Poor reading skills are the most serious weakness in our education system

It should be obvious that reading skills are essential throughout education, so why has this very serious problem only just come to light?

Share
Related Topics

It was reported last week that many school pupils read so poorly at age 16 that they struggle to decipher their GCSE papers. I am not in the least surprised.

‘A child who cannot read cannot learn’ said David Blunkett when he was Secretary of State for Education in the Labour government in the late 90s. He was right of course, although it’s worrying that there should have been a need to state something so blatantly obvious.

So why has so little attention been paid – for decades now – to making sure that every child can read fluently and effortlessly? It is because no government, secretary of state or Department for Education adviser seems to be able to see beyond the mechanics of phonics or ‘sounding out’ systematically to deduce that the letters c-a-t ‘says’ cat and d-o-g ‘says’ dog.

Yes, of course phonics matter. They’re a good starting point for a very young, pre-literate child. Phonics provides useful grounding - but that’s all. Large numbers of words are not spelled phonetically. You have to learn to recognise and remember, say, ‘aunt’ ‘sign’ or ‘awkward’ as you go along. You have pick your way round anomalies such as ‘come’ ‘comb’ ‘tomb’ and ‘tome’ too. And if your name happens to be George or Charlotte …

It should be obvious - even to Department for Education officials - that phonics can only ever be half the story, but it isn’t. Following last week’s report that many GCSE students cannot read properly one of them apparently rummaged about in the DfE statement bank and intoned mantra-like:  “ … we are prioritising the teaching of synthetic phonics as the internationally proven method to teach reading effectively.”

He or she, as usual, clearly hadn’t read what the research by the company Renaissance Reading actually said. It was not critical of the way in which all children are now helped to decipher the squiggles on the page. It was concerned about how too many schools then fail to develop reading as a high level skill which has to be practised all the time for the rest of the pupil’s school life.

The teaching of reading does not end once the child knows all the sounds which letters and groups of letters (such as ‘str’ or ‘au’) make and can assemble or interpret them in words – along with some whole word recognition practice.

That is the point at which the real teaching of reading should begin. Every child should be led to books – and books and books – and given quiet time and space in which to work through them. That means school and public libraries. It also means giving reading real status in schools.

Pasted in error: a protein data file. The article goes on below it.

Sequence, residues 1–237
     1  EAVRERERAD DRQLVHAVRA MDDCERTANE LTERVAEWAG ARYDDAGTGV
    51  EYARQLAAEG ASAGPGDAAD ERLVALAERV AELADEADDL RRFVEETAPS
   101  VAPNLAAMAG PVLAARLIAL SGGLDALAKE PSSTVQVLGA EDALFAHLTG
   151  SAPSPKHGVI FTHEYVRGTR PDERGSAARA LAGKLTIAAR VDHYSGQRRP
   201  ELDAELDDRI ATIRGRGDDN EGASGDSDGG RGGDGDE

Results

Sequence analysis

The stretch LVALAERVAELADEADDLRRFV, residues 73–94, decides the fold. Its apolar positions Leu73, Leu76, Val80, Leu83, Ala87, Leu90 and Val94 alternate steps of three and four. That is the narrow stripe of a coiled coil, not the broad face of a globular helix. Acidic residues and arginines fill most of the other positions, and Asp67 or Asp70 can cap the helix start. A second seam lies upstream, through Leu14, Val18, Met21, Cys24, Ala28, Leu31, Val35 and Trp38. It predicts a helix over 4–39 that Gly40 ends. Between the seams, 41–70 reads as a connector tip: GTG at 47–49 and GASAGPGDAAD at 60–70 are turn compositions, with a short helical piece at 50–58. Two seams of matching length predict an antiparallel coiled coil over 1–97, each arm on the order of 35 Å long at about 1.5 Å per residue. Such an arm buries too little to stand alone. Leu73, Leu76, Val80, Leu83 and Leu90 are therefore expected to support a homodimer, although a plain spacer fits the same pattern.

Every child should spend part of every day reading silently. Renaissance Reading offers computer-based schemes to encourage that but, although many schools have had some success with these, I find them a bit mechanical and I think you can encourage reading without them.

Actually it’s easy. All a school has to do is to put books and reading at the centre of what it does. Teachers and other adults in schools should be talking about reading and being seen to read themselves. For at least half an hour a day everyone should read – including the adults. Nothing is more important and example works wonders. Wise teachers let pupils choose their own books and don’t worry too much about quality at first. The important thing is to build reading stamina – in a world when there are many distractions.

It’s like swimming. You can learn a bit of theory about strokes, breathing and aqua-dynamics – the equivalent of decoding skills – but you learn to swim by getting into the water and striking out. Only deep end readers are likely to be able to read their GCSE papers confidently and competently.

So why has this very serious problem only just come to light? It’s because we’ve been bamboozled for decades by artificial, moveable contrivances such as ‘expected levels’ and ‘pass marks’ and a woolly, but pernicious, idea that every exam and test must be ‘accessible’ to all, which in practice simply means that everything gets easier and standards fall. So, naturally few people have noticed that reading skills have quietly declined – although the CBI and university admissions tutors have tried from time to time to raise the alarm.